• Research targets
Mandate In Quebec in 2003, 522,000 young people were employed and represented 16% of the working population. While more than half of them work part-time, they suffer more injuries than their older colleagues, who mainly work full-time. Why is this so? Is it the fact that they are new workers? Is it that they lack training? Or is it simply because they are young? Are they exposed to different risks? Many questions remain unanswered...
Since the spring of 2004, the IRSST has been focusing its efforts on better identifying the issues that affect young people and occupational health and safety as part of an initiative called Opération JEUNESST. The latter is based on a troubling observation regarding compensation statistics for young workers 15 to 24 years of age, on evidence of transformations in types of jobs and the labour market in the current social, economic and political context, and on the fact that today’s young people seem to have values that are unique to them, but that also reflect all these societal changes.
The mandate of Opération JeuneSST is to plan, organize and implement a research development strategy regarding young people and occupational health and safety, thereby allowing the IRSST to support the interventions of the CSST, the OHS network and workplaces.
In order to better document the concerns of partner researchers, intermediaries, and research project users interested in young workers, the Opération JeuneSST team set up two advisory committees (a scientific committee and a social partners committee) and drew on their expertise. The themes identified by these committees were used to develop the IRSST’s research orientation strategy regarding the issue of young people and OHS. This strategy is based on four research targets:
EXEMPLARY LEARNING ENVIRONMENTS AS REGARDS OHS
- Transmission of safety know-how during occupational training
- OHS conditions of learning environments
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Insertion JOB INSERTION PROVIDING FOR THE SAFE AND EFFECTIVE INTEGRATION OF YOUNG WORKERS
- Professional careers and occupational injuries
- Safe and effective integration into the workplace
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WORK PERFORMANCE CONDITIONS CONDUCIVE TO THE MAINTENANCE OF HEALTH
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OHS AWARENESS-RAISING ACTIVITIES ADAPTED TO YOUNG WORKERS
List of all projects related to Opération JeuneSST
The temerity and inexperience of young workers are often cited as the reason for their high risk of accidents. The reality is much more complex. Several factors contribute to their greater vulnerability, such as professional careers, job insertion conditions, work performance conditions, employment conditions and societal changes. • Some statistical data
•Summary of knowledge
Some statistical data
The employment rate of young workers has increased significantly over the past few years, rising from 58% in 1998 to 66% in 2002. It is therefore similar to the employment rate for the population at large (66% in 2002).
The vast majority of young people work in the retail, hotel and food services sectors (cafés, restaurants, video clubs, clothing stores, supermarkets, warehouse stores).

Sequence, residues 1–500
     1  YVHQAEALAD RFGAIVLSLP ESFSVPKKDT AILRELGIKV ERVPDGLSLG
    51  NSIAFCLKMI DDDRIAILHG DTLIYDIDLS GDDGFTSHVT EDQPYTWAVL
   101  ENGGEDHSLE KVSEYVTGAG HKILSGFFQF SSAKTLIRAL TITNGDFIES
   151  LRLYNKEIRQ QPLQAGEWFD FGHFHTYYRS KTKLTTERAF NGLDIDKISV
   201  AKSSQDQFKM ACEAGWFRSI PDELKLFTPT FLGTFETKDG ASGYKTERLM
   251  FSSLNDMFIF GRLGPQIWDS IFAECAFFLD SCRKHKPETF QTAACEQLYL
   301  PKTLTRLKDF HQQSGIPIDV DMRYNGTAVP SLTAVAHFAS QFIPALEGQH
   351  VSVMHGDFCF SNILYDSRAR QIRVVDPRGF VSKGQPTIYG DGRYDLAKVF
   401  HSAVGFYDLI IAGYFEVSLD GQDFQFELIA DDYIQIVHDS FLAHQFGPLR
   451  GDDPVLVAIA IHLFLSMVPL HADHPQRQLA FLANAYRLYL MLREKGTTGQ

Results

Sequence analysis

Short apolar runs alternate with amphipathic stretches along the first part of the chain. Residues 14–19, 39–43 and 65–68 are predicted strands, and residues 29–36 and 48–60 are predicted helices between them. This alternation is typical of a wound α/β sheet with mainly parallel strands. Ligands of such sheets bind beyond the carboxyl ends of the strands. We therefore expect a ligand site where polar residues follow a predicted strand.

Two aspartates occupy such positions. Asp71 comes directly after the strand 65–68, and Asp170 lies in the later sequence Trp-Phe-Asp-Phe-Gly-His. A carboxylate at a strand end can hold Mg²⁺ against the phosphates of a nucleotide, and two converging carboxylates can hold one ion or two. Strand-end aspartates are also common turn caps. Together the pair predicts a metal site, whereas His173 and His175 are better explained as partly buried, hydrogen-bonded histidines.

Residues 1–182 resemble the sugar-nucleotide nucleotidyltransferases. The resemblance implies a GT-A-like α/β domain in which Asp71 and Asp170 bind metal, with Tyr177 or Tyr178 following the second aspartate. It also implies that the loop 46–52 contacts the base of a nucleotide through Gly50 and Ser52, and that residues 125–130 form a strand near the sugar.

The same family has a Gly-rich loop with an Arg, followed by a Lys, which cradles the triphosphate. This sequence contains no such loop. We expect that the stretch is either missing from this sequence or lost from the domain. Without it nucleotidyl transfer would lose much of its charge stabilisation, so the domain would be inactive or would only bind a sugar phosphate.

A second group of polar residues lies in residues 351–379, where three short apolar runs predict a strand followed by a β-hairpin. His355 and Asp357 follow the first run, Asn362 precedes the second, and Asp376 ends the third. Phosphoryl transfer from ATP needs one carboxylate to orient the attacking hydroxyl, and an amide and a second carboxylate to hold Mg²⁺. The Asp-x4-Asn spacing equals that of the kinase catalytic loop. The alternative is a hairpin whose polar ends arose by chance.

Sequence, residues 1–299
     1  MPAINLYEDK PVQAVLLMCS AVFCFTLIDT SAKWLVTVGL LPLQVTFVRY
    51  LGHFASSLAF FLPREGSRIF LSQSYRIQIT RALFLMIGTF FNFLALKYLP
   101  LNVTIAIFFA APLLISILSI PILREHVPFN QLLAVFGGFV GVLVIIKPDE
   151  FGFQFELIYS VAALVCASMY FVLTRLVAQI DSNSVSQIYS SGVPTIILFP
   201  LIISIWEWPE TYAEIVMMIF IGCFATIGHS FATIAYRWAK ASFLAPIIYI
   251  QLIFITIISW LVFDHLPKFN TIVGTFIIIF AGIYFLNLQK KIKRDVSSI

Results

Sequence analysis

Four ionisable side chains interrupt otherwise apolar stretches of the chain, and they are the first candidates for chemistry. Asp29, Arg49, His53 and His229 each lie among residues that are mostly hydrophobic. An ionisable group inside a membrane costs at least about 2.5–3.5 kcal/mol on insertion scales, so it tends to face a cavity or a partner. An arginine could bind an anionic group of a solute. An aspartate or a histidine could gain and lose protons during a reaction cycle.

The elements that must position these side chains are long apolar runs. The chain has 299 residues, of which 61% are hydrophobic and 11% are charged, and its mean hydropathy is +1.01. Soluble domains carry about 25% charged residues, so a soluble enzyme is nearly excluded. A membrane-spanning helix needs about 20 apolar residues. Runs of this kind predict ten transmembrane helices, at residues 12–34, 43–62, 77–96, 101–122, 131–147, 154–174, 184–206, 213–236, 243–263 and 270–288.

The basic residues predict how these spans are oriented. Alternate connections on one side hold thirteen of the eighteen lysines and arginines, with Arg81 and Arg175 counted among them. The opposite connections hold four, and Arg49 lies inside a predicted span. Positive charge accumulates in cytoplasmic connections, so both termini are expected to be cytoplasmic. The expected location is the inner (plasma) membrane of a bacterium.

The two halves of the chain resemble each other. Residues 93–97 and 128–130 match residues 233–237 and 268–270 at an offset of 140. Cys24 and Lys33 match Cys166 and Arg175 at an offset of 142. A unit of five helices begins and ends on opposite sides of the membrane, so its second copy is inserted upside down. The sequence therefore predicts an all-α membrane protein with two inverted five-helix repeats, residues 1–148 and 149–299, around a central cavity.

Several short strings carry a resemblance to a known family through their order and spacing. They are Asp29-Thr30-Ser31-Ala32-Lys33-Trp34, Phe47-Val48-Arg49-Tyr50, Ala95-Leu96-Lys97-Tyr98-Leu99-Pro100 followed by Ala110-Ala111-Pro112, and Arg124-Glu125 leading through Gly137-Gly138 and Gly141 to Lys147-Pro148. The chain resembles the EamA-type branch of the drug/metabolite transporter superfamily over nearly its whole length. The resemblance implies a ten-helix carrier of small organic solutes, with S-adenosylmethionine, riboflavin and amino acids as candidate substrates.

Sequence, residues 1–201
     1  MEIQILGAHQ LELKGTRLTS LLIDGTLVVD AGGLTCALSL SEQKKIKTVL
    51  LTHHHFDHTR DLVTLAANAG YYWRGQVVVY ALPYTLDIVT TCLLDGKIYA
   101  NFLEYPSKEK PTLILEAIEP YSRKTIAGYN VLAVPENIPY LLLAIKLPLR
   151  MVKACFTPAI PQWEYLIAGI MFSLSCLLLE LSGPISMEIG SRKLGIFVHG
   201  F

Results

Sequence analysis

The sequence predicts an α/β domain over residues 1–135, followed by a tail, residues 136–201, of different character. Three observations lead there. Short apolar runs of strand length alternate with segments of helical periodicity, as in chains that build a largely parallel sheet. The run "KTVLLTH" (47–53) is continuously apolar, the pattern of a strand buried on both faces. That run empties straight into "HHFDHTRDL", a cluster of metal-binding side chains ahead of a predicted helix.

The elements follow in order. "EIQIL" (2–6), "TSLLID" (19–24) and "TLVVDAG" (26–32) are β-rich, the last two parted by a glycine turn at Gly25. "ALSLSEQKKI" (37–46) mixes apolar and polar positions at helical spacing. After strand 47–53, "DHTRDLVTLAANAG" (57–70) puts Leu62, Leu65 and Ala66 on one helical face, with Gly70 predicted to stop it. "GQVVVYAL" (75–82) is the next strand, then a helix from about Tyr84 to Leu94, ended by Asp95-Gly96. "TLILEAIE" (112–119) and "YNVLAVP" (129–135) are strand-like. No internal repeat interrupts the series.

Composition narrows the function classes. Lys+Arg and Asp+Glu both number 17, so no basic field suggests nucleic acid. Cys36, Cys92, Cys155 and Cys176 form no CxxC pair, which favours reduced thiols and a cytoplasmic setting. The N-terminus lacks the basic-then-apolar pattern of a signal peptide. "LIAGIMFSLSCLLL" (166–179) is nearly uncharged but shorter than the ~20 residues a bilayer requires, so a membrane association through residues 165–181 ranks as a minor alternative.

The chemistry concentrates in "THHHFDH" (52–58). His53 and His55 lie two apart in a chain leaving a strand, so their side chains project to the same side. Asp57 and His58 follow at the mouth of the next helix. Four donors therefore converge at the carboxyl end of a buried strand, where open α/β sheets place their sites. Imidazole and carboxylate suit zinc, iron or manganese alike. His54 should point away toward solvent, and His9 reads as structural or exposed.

Young people represent a segment of the population that is particularly prone to occupational injuries. While it is estimated that they work 10% of the hours of all workers, they injure themselves at a rate of 16%.
A statistical report on compensated workers whose occupational injury required time in a physical, social and/or occupational rehabilitation program in 2001 and 2002, shows that the rate of permanent physical and/or psychological impairment among young workers between 15 and 19 years of age is almost double the average rate, standing at 17.3% of young workers in rehabilitation.
Young workers often face many organizational constraints (irregular schedules, night schedules, low compensation) or physical constraints (repetitive work, efforts, handling of heavy objects, noise, solvents, tool vibration, machine vibration, dust) in their jobs compared with older workers.
The accumulation of constraints is associated with an increased rate of work accidents, particularly among young people.
Summary of knowledge
- Studies have focused mainly on compensated occupational injuries and work accidents.
The incidence of occupational injuries generally decreases with age.
Certain types of injuries seem much more frequent among young workers, such as burns, cuts, fractures, lacerations and overexertion.
Most studies show a higher accident rate among young men than young women. This difference is mainly attributable to the fact that men and women do not hold the same jobs and are not exposed to the same work conditions.
The number of claims for occupational injuries is five to seven times higher during the first month on the job, regardless of the age group. However, young people change jobs more frequently than older workers and are therefore more likely to find themselves in the position of new worker.
Certain studies reveal integration conditions that are not always easy for young people and work performance conditions that are sometimes more dangerous.
Production requirements and time constraints often impede the transmission of knowledge between experienced workers and recruits.
The presence of certain psychosocial risk factors, such as little decision-making latitude, a lack of support or high demands, as well as an increased workload, is related to an increase in alcohol or drug use among young people.